22. St. Leo’s Catholic, 1924

Now Greater Little Hill Church of God in Christ
2470 West Locust Street
Architect: Emil LaCroix

St. Leo’s Catholic
St. Leo’s Catholic

The Archdiocese of Milwaukee established St. Leo’s Parish for German-speaking Catholics in 1908. At that time, there were a dozen other German Catholic parishes in the city. Services at St. Leo’s were initially conducted in a combined church and school building (now demolished), located to the east of the present church on the same block of Locust Street. Construction of the large Romanesque Revival church was completed in 1925.

St. Leo’s has a basilican plan with transepts and a single tower, which is just over 100 feet in height to the top of the cross. The design more closely resembles the Romanesque churches of northern Italy than examples from elsewhere in Europe. In particular, the tower bears a strong resemblance to that of the Basilica of San Ambrogio in Milan, built in the twelfth century and enlarged in the late nineteenth century.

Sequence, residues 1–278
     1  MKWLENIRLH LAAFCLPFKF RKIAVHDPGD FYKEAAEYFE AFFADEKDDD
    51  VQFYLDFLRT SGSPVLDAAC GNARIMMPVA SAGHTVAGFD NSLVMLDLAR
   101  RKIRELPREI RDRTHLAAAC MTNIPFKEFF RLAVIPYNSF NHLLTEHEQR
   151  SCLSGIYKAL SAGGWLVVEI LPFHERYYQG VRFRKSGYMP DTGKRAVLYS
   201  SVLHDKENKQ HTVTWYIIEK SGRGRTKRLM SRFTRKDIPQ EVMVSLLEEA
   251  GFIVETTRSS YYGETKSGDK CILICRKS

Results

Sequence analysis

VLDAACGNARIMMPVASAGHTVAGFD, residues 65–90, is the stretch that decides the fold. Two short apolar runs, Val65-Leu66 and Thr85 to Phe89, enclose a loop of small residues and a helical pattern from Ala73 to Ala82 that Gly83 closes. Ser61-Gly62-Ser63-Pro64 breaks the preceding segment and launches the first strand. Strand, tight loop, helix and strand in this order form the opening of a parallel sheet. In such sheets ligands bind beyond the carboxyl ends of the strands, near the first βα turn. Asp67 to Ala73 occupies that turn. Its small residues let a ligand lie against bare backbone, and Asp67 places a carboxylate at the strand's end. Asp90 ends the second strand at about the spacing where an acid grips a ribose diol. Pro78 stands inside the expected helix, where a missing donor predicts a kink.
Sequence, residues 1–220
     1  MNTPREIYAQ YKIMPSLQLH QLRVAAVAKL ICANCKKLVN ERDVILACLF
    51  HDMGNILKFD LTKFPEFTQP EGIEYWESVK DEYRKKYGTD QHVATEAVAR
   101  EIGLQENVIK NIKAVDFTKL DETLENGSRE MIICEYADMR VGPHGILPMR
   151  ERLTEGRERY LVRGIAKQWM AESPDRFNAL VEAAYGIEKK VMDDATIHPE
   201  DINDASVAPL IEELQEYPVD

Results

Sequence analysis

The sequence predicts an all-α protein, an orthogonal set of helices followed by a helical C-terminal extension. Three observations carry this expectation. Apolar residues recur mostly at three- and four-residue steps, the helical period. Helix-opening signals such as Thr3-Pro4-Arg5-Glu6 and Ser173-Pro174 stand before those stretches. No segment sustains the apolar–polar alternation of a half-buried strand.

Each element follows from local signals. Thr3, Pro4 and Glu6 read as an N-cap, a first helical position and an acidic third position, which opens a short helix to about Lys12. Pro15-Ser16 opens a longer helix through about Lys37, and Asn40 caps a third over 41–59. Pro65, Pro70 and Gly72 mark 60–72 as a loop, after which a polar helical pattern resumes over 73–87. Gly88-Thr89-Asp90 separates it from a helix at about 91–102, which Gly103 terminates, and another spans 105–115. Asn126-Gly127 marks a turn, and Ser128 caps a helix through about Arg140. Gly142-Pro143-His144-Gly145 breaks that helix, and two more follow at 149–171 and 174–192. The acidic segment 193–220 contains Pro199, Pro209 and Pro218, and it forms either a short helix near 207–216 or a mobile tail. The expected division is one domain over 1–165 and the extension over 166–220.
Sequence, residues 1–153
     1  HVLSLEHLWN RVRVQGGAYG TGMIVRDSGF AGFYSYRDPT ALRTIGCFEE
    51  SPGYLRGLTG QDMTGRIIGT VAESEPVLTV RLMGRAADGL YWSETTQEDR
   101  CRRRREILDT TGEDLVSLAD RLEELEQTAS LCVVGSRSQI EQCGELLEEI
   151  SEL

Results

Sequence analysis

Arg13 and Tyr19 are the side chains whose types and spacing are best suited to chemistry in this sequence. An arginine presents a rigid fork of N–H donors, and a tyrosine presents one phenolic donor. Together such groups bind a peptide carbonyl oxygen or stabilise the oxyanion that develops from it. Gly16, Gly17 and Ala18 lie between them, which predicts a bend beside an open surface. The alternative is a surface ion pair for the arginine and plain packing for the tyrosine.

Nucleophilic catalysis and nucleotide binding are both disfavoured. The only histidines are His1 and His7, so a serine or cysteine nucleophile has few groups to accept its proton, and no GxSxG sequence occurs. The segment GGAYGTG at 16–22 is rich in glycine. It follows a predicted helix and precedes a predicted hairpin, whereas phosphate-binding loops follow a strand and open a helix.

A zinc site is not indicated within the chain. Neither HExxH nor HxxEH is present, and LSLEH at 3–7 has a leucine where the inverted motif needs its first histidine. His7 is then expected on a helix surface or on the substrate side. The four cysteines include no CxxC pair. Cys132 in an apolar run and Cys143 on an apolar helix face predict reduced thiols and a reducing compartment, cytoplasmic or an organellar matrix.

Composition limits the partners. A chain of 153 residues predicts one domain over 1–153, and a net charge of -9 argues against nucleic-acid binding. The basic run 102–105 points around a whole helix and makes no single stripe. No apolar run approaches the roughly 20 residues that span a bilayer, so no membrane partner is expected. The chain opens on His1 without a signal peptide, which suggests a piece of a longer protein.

St. Leo’s Catholic
St. Leo’s Catholic

The last Catholic Mass at St. Leo’s was in November of 1993. As part of the citywide consolidation of Catholic parishes, the archdiocese combined St. Leo’s Parish with two other parishes located several blocks to the north: Holy Angels and St. Agnes. With services held at St. Agnes (renamed All Saints), St. Leo’s Church became surplus and was sold to a Protestant congregation. Greater New Bethel Full Gospel Church occupied the building in the mid-1990s, and it is now home to the Greater Little Hill Church of God in Christ.

Franzen, Ernst-Ulrich. “Historic landmark status sought for St. Leo’s,” Milwaukee Sentinel, December 21, 1993, page 9A, column 1.

LaCroix, Emil, architect. Drawings for the construction of St. Leo’s Catholic Church, dated February and March, 1924. Wisconsin Architectural Archive, Milwaukee Central Library, drawing set 81-31.